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The long march of history: Farm wages, population, and economic growth, England 1209-1869 -super-1

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  • GREGORY CLARK

Abstract

The article forms three series for English farm workers from 1209-1869: nominal day wages, the implied marginal product of a day of farm labour, and the purchasing power of a day's wage in terms of farm workers' consumption. These series suggest that labour productivity in English agriculture was already high in the middle ages. Furthermore, they fit well with one method of estimating medieval population that suggests a peak English population c.1300 of nearly 6 million. Lastly, they imply that both agricultural technology and the general efficiency of the economy were static from 1250 till 1600. Economic changes were in these years entirely a product of demographic shifts. From 1600 to 1800, technological advance in agriculture provided an alternative source of dynamism in the English economy. Copyright Economic History Society 2006.

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  • Gregory Clark, 2007. "The long march of history: Farm wages, population, and economic growth, England 1209-1869 -super-1," Economic History Review, Economic History Society, vol. 60(1), pages 97-135, February.
  • Handle: RePEc:bla:ehsrev:v:60:y:2007:i:1:p:97-135
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    1. Davenport, Frances Gardiner, 1906. "The Economic Development of a Norfolk Manor 1086-1565," History of Economic Thought Books, McMaster University Archive for the History of Economic Thought, number davenport1906.
    2. John Munro, 2002. "Postan, Population, and Prices in Late-Medieval England and Flanders," Working Papers munro-02-04, University of Toronto, Department of Economics.
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    Cited by:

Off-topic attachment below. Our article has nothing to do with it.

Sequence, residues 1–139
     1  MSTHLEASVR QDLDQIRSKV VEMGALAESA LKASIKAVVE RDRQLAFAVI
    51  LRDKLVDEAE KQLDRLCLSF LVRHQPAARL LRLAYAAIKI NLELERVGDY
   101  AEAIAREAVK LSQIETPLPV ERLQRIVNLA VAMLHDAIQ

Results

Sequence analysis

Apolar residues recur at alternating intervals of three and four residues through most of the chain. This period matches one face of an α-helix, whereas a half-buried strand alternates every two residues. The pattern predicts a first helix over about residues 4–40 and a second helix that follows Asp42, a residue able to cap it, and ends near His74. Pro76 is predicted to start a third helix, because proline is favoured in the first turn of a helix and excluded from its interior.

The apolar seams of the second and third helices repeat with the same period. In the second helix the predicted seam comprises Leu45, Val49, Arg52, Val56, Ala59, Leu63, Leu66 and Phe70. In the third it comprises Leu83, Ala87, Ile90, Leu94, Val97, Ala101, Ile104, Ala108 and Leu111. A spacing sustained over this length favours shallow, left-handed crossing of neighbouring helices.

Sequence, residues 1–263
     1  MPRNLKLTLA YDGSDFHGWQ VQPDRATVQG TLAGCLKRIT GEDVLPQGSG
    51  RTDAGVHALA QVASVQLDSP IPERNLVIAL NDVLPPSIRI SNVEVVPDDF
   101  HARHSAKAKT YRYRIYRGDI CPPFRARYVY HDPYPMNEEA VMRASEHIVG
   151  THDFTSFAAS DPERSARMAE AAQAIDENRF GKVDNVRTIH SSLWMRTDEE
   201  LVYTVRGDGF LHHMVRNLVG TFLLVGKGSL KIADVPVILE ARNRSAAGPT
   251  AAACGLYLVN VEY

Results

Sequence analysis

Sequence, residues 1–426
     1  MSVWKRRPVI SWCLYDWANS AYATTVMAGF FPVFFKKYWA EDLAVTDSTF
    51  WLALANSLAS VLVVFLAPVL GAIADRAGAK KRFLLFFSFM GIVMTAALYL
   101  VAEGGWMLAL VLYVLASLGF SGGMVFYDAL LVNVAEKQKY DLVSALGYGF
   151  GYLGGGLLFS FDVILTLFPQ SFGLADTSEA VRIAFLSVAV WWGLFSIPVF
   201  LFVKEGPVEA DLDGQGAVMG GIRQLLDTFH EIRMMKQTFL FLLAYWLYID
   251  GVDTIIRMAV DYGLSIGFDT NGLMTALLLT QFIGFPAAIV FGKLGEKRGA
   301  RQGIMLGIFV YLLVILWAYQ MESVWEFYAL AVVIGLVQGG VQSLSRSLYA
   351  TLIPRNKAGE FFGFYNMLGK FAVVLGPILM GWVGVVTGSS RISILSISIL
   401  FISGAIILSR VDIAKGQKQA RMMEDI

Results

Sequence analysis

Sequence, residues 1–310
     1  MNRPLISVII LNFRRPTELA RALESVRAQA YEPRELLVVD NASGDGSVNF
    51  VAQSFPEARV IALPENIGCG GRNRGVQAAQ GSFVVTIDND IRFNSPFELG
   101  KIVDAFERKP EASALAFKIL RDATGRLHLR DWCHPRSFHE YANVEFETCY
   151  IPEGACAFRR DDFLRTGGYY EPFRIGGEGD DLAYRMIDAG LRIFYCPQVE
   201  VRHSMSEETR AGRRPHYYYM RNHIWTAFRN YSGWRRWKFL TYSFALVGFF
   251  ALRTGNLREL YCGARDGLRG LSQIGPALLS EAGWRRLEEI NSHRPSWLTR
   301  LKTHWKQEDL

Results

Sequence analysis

1. John Oldland, 2014. "Wool and cloth production in late medieval and early Tudor England," Economic History Review, Economic History Society, vol. 67(1), pages 25-47, February.
    2. Jeffrey G. Williamson, 2016. "Review Essay on British Economic Growth, 1270-1870 by Stephen Broadberry, Bruce M. S. Campbell, Alexander Klein, Mark Overton, and Bas van Leeuwen," Journal of Economic Literature, American Economic Association, vol. 54(2), pages 514-521, June.
    3. Bruce M. S. Campbell, 2010. "Nature as historical protagonist: environment and society in pre-industrial England," Economic History Review, Economic History Society, vol. 63(2), pages 281-314, May.
    4. Marc Klemp & Niels Framroze Møller, 2016. "Post-Malthusian Dynamics in Pre-Industrial Scandinavia," Scandinavian Journal of Economics, Wiley Blackwell, vol. 118(4), pages 841-867, October.
    5. Sara Horrell & Jane Humphries & Ken Sneath, 2015. "Consumption conundrums unravelled," Economic History Review, Economic History Society, vol. 68(3), pages 830-857, August.
    6. Stephen H. Rigby, 2010. "Urban population in late medieval England: the evidence of the lay subsidies," Economic History Review, Economic History Society, vol. 63(2), pages 393-417, May.
    7. Tine De Moor & Jan Luiten Van Zanden, 2010. "Girl power: the European marriage pattern and labour markets in the North Sea region in the late medieval and early modern period -super-1," Economic History Review, Economic History Society, vol. 63(1), pages 1-33, February.